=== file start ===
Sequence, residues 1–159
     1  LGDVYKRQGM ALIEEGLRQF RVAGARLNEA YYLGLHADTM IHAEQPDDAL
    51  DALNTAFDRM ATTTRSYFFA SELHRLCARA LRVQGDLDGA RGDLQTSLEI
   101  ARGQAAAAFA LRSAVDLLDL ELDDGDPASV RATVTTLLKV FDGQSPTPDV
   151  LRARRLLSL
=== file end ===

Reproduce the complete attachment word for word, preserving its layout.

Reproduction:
Sequence, residues 1–159
     1  LGDVYKRQGM ALIEEGLRQF RVAGARLNEA YYLGLHADTM IHAEQPDDAL
    51  DALNTAFDRM ATTTRSYFFA SELHRLCARA LRVQGDLDGA RGDLQTSLEI
   101  ARGQAAAAFA LRSAVDLLDL ELDDGDPASV RATVTTLLKV FDGQSPTPDV
   151  LRARRLLSL